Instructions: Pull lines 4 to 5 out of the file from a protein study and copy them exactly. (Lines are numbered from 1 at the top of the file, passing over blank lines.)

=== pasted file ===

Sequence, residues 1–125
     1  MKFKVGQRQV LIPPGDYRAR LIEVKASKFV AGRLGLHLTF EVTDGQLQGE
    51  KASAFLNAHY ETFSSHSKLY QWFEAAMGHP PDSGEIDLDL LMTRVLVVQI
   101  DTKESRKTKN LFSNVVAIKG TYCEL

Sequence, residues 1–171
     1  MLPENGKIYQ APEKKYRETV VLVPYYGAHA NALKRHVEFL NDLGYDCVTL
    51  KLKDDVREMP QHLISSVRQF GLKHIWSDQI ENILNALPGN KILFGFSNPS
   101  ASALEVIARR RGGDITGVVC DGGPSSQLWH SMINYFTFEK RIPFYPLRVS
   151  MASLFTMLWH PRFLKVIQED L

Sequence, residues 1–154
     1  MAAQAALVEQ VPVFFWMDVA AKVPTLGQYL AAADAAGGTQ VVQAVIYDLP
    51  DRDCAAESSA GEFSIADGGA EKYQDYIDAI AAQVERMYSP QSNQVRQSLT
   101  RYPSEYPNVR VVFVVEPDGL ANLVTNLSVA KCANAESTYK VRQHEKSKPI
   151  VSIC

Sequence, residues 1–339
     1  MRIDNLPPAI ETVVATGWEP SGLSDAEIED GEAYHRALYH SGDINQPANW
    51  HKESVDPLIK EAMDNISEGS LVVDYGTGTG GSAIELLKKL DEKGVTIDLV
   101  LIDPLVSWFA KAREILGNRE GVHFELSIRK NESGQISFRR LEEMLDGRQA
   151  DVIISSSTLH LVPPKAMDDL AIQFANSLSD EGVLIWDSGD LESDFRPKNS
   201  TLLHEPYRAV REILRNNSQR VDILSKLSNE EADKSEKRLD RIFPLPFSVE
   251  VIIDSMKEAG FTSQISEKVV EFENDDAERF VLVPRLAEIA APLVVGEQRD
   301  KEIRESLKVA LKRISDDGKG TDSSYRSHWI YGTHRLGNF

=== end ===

   101  DTKESRKTKN LFSNVVAIKG TYCEL

Sequence, residues 1–171